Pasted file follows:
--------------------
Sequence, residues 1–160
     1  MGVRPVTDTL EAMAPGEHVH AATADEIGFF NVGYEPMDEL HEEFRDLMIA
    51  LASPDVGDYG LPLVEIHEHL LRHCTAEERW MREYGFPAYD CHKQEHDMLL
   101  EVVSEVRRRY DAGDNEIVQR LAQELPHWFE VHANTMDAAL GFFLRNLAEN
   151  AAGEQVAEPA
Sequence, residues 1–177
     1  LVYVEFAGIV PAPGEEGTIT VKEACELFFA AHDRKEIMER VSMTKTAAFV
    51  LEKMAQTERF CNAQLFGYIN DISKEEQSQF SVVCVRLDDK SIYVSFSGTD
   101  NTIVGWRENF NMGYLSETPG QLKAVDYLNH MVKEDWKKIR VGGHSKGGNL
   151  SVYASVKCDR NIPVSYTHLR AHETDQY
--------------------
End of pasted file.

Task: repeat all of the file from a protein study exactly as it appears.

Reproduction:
Sequence, residues 1–160
     1  MGVRPVTDTL EAMAPGEHVH AATADEIGFF NVGYEPMDEL HEEFRDLMIA
    51  LASPDVGDYG LPLVEIHEHL LRHCTAEERW MREYGFPAYD CHKQEHDMLL
   101  EVVSEVRRRY DAGDNEIVQR LAQELPHWFE VHANTMDAAL GFFLRNLAEN
   151  AAGEQVAEPA
Sequence, residues 1–177
     1  LVYVEFAGIV PAPGEEGTIT VKEACELFFA AHDRKEIMER VSMTKTAAFV
    51  LEKMAQTERF CNAQLFGYIN DISKEEQSQF SVVCVRLDDK SIYVSFSGTD
   101  NTIVGWRENF NMGYLSETPG QLKAVDYLNH MVKEDWKKIR VGGHSKGGNL
   151  SVYASVKCDR NIPVSYTHLR AHETDQY